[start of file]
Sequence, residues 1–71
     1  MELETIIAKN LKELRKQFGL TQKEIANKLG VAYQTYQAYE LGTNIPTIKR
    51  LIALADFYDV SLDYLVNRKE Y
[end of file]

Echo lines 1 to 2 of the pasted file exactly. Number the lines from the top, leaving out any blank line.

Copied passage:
Sequence, residues 1–71
     1  MELETIIAKN LKELRKQFGL TQKEIANKLG VAYQTYQAYE LGTNIPTIKR